Supervisor Sheila Kuehl sent strongly worded letters this week to Governor Jerry Brown, Senate President pro Tem Kevin de León, Assembly Speaker Toni Atkins and Speaker-Elect Anthony Rendon regarding efforts by pro-development Commissioners to oust the current Executive Director, Charles Lester.

Established by voter initiative in 1972 (Proposition 20) and later made permanent by the Legislature through adoption of the California Coastal Act of 1976, the Coastal Commission, in partnership with coastal cities and counties, plans and regulates the use of land and water in the coastal zone.

Development activities, which are broadly defined by the Coastal Act to include (among others) construction of buildings, divisions of land, and activities that change the intensity of use of land or public access to coastal waters, generally require a coastal permit from either the Coastal Commission or the local government.

The letters read, in part, “First of all, it is fairly clear to most who have followed the actions of the Commission recently that the current move to remove Dr. Lester has very little to do with his performance, per se. This is one more decision in what have become steadily increasing attempts to undermine the independence of the Commission and the implementation of the Coastal Act. This comes at a particularly unfortunate time in the history of this fragile coastal area and, if consummated, will throw this State’s Coastal program into further turmoil and undermine coastal protection at a time when there are ever increasing threats to the program and to public access.”

“I strongly believe that removing Dr. Lester at this time is inappropriate and certainly not consistent with some of your public positions relating to the impacts of climate change. Dr. Lester has provided the Commission with strong leadership in this arena and removing him will undermine the stability and functioning of the Commission.”

Although all four letters had the same theme of the importance of upholding the integrity of the commission, Kuehl addressed some of the unimpressive conservation records and actions of current appointees from each branch:

Gov. Brown:
“In the long run, I also most respectfully ask that you consider the policy implications of the fact that your commission appointees have the lowest conservation voting records on the Commission. Three of your appointees have records at 33 and 32 %. The highest sits at only 42%. Please urgently and strongly consider whether the decisions made by your appointees serve the long-term interests of the millions who own and enjoy our coast and whether the health of our coast, itself, is threatened by these decisions. It also (may I say, with all respect) does not reflect well on your office that these same four commissioners are the ones who are leading the effort to off the ED.”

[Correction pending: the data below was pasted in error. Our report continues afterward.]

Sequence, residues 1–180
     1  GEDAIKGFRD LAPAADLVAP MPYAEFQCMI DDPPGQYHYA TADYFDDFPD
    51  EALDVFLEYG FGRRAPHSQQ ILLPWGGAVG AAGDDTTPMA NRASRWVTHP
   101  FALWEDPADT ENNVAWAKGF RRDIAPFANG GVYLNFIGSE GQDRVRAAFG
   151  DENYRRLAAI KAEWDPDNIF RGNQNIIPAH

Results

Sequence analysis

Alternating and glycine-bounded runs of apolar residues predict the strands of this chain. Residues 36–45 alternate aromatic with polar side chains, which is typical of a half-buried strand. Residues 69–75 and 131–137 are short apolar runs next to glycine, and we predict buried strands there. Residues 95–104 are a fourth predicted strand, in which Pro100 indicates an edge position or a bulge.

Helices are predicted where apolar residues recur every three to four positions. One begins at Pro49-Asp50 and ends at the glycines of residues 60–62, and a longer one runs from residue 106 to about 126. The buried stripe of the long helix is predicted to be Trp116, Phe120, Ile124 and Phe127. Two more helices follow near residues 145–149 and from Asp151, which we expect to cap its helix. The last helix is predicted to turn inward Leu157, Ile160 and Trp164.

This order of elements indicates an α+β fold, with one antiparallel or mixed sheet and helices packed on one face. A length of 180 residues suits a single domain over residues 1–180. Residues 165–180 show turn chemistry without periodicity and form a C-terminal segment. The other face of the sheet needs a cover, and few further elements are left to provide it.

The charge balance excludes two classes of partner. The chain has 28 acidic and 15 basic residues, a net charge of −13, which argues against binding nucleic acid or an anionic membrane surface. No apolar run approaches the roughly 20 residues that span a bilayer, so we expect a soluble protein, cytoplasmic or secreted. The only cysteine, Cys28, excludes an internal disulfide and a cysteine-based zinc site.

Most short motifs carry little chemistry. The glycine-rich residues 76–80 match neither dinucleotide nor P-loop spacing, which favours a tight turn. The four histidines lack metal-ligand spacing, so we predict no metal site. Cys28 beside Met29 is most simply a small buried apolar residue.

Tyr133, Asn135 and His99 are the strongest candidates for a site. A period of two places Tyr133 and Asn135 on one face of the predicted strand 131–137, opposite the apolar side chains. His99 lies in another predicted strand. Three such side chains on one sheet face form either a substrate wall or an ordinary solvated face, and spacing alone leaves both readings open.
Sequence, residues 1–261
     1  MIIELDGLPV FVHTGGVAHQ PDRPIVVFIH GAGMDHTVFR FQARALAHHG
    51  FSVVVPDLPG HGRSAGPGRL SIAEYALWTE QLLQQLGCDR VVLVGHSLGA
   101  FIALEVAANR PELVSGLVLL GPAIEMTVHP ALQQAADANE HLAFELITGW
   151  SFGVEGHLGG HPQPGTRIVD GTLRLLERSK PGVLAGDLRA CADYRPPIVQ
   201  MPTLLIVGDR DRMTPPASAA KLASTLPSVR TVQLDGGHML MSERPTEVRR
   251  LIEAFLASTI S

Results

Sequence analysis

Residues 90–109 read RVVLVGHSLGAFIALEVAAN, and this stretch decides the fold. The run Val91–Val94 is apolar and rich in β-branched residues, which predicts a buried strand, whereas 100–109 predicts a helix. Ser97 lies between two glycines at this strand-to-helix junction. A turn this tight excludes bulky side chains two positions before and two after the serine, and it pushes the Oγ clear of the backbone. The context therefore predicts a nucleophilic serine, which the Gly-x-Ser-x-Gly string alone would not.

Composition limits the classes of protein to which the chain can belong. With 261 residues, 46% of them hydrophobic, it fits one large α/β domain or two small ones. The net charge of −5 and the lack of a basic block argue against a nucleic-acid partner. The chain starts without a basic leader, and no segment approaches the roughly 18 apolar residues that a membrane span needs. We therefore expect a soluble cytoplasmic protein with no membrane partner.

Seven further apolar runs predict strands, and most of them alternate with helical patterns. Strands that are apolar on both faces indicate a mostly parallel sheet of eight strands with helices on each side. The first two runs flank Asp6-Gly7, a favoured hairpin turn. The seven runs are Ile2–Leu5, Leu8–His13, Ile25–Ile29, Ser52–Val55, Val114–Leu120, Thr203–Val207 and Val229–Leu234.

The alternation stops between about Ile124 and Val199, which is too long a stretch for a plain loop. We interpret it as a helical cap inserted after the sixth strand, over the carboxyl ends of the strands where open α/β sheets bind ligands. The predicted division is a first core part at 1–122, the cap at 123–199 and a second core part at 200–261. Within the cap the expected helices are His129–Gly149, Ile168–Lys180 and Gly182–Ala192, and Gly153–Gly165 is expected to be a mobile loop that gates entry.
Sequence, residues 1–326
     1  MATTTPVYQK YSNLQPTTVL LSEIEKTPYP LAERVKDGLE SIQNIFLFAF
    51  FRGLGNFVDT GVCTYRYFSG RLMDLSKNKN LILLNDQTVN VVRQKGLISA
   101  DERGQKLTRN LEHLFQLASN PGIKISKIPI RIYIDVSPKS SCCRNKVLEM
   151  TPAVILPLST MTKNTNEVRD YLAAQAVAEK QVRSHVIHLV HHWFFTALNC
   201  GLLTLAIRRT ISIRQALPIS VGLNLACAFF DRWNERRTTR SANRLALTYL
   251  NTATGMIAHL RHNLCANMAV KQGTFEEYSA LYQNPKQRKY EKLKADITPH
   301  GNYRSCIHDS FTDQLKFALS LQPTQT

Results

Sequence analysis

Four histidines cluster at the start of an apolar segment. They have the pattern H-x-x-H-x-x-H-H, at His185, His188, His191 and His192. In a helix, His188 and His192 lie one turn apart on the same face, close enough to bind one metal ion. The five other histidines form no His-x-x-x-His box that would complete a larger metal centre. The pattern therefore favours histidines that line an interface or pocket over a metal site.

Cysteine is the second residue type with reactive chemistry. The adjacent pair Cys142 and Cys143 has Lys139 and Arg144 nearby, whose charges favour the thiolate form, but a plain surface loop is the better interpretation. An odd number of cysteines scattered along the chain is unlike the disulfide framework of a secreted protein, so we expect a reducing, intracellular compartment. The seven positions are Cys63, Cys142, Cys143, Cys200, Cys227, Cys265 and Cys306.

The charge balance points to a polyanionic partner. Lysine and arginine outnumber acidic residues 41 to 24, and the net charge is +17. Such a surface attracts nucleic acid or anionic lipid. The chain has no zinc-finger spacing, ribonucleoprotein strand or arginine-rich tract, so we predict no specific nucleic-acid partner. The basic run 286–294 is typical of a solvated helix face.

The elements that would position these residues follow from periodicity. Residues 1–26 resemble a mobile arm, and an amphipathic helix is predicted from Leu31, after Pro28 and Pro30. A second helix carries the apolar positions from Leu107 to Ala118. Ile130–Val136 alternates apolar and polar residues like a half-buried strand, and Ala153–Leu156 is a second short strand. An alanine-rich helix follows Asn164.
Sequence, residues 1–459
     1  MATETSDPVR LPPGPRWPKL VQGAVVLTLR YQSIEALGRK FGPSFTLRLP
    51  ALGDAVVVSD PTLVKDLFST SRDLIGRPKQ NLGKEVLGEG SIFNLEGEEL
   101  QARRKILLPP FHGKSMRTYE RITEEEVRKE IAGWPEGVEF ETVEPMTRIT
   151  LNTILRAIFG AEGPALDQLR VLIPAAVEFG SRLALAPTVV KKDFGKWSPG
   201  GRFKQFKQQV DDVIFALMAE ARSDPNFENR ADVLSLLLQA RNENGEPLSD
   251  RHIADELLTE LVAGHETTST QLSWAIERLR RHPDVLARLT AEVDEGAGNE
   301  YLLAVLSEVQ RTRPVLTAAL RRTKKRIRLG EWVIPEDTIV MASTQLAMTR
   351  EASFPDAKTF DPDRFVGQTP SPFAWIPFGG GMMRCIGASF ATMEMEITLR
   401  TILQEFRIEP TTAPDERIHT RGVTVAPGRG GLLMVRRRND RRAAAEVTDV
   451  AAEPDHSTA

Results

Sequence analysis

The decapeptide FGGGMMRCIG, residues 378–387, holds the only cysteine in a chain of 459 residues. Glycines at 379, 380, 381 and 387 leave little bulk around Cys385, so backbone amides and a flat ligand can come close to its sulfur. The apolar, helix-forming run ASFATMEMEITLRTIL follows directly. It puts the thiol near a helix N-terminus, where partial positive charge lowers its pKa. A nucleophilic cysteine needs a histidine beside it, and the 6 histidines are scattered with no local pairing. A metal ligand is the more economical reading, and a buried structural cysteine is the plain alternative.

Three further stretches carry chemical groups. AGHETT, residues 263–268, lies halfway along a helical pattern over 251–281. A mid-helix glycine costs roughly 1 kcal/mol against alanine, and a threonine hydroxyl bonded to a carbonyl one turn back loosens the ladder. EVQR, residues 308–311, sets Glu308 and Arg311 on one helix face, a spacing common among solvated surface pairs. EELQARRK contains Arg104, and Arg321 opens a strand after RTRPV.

“From the moment Dr. Lester was appointed, your four Commissioners have been blocking his attempts, and that of his staff, to simply do the required work of protecting the Coast. In the fall of 2013, during the preparation of a strategic plan, they attempted to insert “metrics” that would have removed the independence of the staff and allowed the Commissioners to micro-manage the staff. Given that there are three different appointing authorities and twelve different opinions, such a proposal was not workable. Thus, it seems reasonable to conclude that one of the reasons for wanting this was to guarantee that Charles would fail. That effort failed due to a widespread public outcry over the obvious motivation behind it.”

Pro Tem de León:
“Your appointees have been the most supportive, but even they, with a somewhat better conservation-oriented record (58% average) than most, are still far from the solidly pro-conservation votes the Senate has had in the past. As a matter of policy I most respectfully and urgently ask that you give consideration, not just to this immediate issue but also to the long-term protection of the coast. You will have an opportunity to shape the future of our coast for generations to come.”

Speaker Atkins & Speaker-Elect Rendon:
“In the long run, I also most respectfully ask that you communicate to your appointees your strong feeling that Dr. Lester should be retained. And, if I may with all respect, I would also ask you to consider the policy implications of the fact that two of the Assembly’s commission appointees have the lowest conservation voting records of any previous Assembly appointees: 32 % and 39%.”

Supervisor Kuehl closed by asking each to encourage their commissioners to end the attacks on Lester and make future appointments with the true vision of the commission in mind — protecting and enhancing California’s coast and ocean for present and future generations.

“The public, my constituents, are deeply involved in monitoring the Commission and its actions. Consequently, generating public outrage over ham-handed and political actions is not in the best interest of the Commission. Please encourage your Commissioners to make certain the ouster does not come up for a vote.

“Obviously, as the appointing authority, you have full and wide rein over the decisions you make as to who will serve. But, let me ask, with greatest respect, that you assess the performance of each of your appointees and, perhaps consider whether they are serving the goals of the Coastal Act.”